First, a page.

How not to destroy an idea factory

No philosophy is infinitely durable and impervious to criticism.

We tend to dismiss or minimize critiques and arguments against our philosophies for as long as they remain useful to us overall, not only for providing clear and coherent understandings, but also for helping us respond practically and for feeling the value of life on the whole.

But most critiques and attacks on philosophies miss their mark, anyway, aiming only at the outputs of the philosophy — its truth claims, theories and arguments — not at the conceptions that produce them, which is a far more elusive target.

This kind of attack is like trying to destroy a car factory by blowing up all the cars as they come off the assembly line. But even bombing the factory itself is unlikely to be effective in the long-term, because factories are easily repaired or rebuilt. A far better mode of attack would be to investigate the factory’s production efficiency, manufacturing defects, etc. and show the inadequacy of its production. Or better, call into question the design of the cars, or question the value of manufacturing cars at all, making its purpose obsolete. Or question factory mass production, and undermine its conditions of production. Only radical measures will shut the factory down permanently, and prevent anyone from rebuilding it, because the need for the factory has been destroyed.

The goal is to motivate abandonment of what currently produces facts, arguments, responses, methods, desires, values, etc. and to persuade people to produce them in some other way. This is a tall order, because it is so much easier to repair, rebuild or even to rebuild a new system with a new blueprint.

Many, many people who have had their religious faiths demolished have built new secular belief factories on the site of their destroyed Christian faith factories, using the same blueprint as before, because this is how such things are built. Now the new factory cranks out new de-divinized models of the old faith — doctrines, moral rules, taboos, sins, confessions, devils, apocalypses, inquisitions, punishments, indulgences and so on — that function the same way as last year’s model, but which now run on new fuels, along slightly altered tracks. But to the constrained mind, the difference is total — the difference between a Prius and a Ford F-150!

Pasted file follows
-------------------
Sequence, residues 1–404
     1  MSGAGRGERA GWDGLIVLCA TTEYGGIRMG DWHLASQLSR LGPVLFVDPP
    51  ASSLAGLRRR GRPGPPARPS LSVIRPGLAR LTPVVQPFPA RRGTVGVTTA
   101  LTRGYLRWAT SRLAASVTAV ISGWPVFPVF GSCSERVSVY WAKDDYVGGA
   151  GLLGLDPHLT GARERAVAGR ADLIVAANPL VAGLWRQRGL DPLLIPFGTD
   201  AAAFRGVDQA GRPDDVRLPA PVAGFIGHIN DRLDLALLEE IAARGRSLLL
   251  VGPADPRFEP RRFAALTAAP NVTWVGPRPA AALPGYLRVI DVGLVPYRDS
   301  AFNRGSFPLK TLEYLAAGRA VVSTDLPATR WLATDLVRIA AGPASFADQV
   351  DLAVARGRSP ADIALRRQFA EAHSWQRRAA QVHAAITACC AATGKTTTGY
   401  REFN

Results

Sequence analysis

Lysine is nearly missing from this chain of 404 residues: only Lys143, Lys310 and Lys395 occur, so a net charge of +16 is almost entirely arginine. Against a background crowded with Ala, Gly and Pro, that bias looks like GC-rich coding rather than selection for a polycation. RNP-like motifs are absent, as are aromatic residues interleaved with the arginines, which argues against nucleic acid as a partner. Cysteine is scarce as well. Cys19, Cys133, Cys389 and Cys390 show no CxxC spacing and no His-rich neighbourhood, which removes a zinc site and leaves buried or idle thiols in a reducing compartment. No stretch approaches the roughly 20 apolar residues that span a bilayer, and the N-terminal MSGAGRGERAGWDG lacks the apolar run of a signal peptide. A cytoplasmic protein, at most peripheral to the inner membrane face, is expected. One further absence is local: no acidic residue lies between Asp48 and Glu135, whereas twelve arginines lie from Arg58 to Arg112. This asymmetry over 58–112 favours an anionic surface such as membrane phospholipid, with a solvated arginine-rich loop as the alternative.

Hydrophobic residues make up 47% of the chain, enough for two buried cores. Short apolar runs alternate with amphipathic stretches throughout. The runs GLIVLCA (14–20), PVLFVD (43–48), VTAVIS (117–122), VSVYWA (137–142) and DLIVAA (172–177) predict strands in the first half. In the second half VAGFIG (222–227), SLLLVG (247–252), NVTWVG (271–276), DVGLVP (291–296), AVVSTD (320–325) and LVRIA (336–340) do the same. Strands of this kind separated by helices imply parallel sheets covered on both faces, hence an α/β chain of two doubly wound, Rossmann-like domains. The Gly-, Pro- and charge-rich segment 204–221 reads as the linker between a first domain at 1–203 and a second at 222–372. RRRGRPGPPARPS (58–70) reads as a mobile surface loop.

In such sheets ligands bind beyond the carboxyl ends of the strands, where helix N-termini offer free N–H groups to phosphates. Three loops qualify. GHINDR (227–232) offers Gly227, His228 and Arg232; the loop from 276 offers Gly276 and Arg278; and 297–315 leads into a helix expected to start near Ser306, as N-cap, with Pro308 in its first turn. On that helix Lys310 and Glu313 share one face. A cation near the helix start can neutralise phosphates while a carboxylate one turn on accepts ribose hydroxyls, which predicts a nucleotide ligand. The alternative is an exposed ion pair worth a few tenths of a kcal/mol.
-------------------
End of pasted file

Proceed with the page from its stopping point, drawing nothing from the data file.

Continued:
A few thoughts on demolition and reconstruction of philosophies:

  1. Any philosophy can be destroyed, if the need and desire to destroy it exists.
  2. The best reason to destroy a philosophy is dissatisfaction with its product; a philosophy that produces confusion, error and despair can be dismantled, and ought to be.
  3. The very worst philosophies will blame a confusing, paralyzing, hostile, doomed and worthless world for its own shoddy output, namely, that experience of the world.
  4. The fact that a philosophy can be destroyed is no argument against it; sufficient durability is sufficient.
  5. A destroyed philosophy is likely to be replaced with another exactly like it, built on its same pattern, unless great effort is put into rebuilding it on new principles and new values.
  6. A destroyed philosophy leaves one without a philosophy to serve its needs, which is intensely difficult and excruciatingly painful. One of the principle outputs of a philosophy is sanity, not to mention truth, motivation, competence and security. This is the primary reason so few truly new philosophies appear. It takes too much time to make something genuinely new, and that time is truly harrowing and dreadful.
  7. New philosophies are made with groping, intuitive experimentation and the products of old philosophies, most of which go entirely undetected.
  8. Gradual modifications of old philosophies are much easier, but even the tiniest modifications feel shockingly new, alien and portentous.

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